Mid-Summer Woes: Climate, War and Houselessness

by Barry Weisleder | Socialist Action Canada

On this day, July 26, 2023 millions celebrated Rebellion Day in Cuba. Seventy years ago, Fidel Castro led the Granma expedition that launched the Cuban Revolution. Socialist Action is a member of the Canadian Network on Cuba. It defends the gains of the first socialist revolution in the Americas – still a beacon of hope for humanity.

The news on the environmental front is not so good. Tamara Lorincz wrote recently, “As we have out-of-control wildfires across the country and catastrophic flooding in Quebec and Nova Scotia, Defence Minister Anand announced that Canada will be locking us further into carbon-intensive militarism. The Trudeau government is investing $3.6 billion in a new fleet of 9 fossil fuel-powered aerial tankers to supply fuel for the new $19 billion fossil fuel-powered F-35 fighter jets. This funding of $3.6 billion for massive aerial refuellers for our belligerent NATO operations is more than any funding announcement that Canada has made this year for climate finance or foreign aid.”

On top of that, the federal government plans to keep exploration and development tax breaks available for fossil fuel companies. Federal Environment Minister Stephen Guilbeault, who once upon a time was an environmental activist, unveiled the government’s plan for terminating “inefficient” fossil fuel subsidies promised by the end of 2023. But most of the subsidies, ironically in the name of “decarbonizing the emissions of this sector” will remain in place, said Guilbeault.

Out of control fires and air quality warnings are still in effect across many parts of the country. Canada surpassed the record for area burned by wildfires in a single year, back in June. Thousands of people have been driven from their homes. As a result, the extra tonnes of carbon pouring into the atmosphere add enormously to the tragedy of climate change. (The temperature of Atlantic waters off the coast of Florida just surpassed 100 degrees F, causing a massive die-off of coral reefs.) The Liberal government pledged billions to mitigate this unfolding disaster, but close to half of the money is unspent. In other words, Trudeau’s promises are a smoky mirage. Only expropriation of the major polluters can begin to address the current crisis. We demand that labour and the NDP break with the lying Liberals and lead the fight for an Eco-socialist agenda.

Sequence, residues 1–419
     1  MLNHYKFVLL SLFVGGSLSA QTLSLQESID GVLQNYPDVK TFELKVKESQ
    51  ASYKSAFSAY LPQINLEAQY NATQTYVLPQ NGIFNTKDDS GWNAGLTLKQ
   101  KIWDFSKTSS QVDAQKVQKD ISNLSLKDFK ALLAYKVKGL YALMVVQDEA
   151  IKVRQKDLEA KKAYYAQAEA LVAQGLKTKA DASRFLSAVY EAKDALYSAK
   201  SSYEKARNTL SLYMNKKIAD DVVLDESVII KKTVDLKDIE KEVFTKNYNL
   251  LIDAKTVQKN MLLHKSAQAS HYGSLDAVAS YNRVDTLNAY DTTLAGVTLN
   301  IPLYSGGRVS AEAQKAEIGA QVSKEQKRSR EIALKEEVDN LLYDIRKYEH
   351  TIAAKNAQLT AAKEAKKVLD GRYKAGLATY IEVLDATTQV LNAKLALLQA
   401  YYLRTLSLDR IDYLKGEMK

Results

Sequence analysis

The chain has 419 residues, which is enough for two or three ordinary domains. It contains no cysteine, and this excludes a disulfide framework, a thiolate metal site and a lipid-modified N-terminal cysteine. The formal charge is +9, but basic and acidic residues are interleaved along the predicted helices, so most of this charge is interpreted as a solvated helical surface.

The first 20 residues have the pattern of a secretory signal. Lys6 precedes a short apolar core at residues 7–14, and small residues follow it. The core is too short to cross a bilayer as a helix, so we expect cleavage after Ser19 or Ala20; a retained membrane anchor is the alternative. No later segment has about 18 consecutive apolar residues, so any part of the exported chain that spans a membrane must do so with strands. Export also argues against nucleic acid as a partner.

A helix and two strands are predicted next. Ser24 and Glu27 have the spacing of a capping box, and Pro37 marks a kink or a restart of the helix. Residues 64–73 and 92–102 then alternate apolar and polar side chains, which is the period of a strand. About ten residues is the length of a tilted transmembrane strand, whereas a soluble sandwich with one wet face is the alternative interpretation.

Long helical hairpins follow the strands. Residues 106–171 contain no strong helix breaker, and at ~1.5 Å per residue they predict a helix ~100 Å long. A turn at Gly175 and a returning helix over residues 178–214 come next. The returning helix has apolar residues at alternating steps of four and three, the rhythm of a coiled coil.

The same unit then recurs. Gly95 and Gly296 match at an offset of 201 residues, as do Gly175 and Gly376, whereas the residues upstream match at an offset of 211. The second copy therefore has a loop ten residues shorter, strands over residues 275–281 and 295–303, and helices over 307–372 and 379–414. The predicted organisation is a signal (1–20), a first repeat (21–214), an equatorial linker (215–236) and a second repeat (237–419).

Developments in the war in Ukraine are equally alarming. U.S. President Joe Biden is sending cluster bombs to its puppet regime headed by Volodymyr Zelensky. In itself, that is a war crime. Ukrainian forces claimed they damaged the bridge linking Russia and Crimea. The response of Russian President Putin was to bomb central and western Ukraine, not sparing civilian quarters. While Putin put down the rebellion led by the Wagner mercenary chief, Yevgeny Prigozhin, the fragile state of the Russian regime is evident, which is why Russia, just like Ukraine, jails opponents of the inter-imperialist war.

Russia’s invasion of Ukraine began 18 months ago, in February 2022. NATO expansion across Eastern Europe, its violation of the Minsk agreements, and Kyiv’s deadly assault on the Donbas peoples since 2014, precipitated this crisis. But the Kremlin’s bombardment of central and western Ukraine, and Putin’s absurd denial that Ukraine is a nation, has stoked reactionary nationalist sentiment on all sides of the conflict. The claim that Russia is strong is belied by the fact that the Kremlin hired multiple mercenary forces to wage war in Ukraine after hundreds of thousands of military draft-age Russians fled the country. Only an international anti-war movement can stop this war and end the risk of a nuclear holocaust. The Kremlin’s reliance on tanks and rockets has increased the membership of NATO; it ballooned the profits of the leading war industries, and poisoned western world public opinion. We witnessed that in Canada when right wing pressure led to the cancelation of venues in Toronto, Hamilton and Winnipeg for anti-war lawyer and journalist Dimitri Lascaris. Fortunately, on July 8, Dimitri was able to report on his visit to Russia at a forum co-organized by SA held at a Toronto Public Library branch. Socialist Action remains committed to building an anti-war movement to call for negotiations to end the inter-imperialist war, to seek nuclear disarmament starting with the USA and its allies, to demand Canada Out of NATO, the dissolution of NATO, self-determination for the peoples of Donbas and Crimea, and the release of all anti-war prisoners.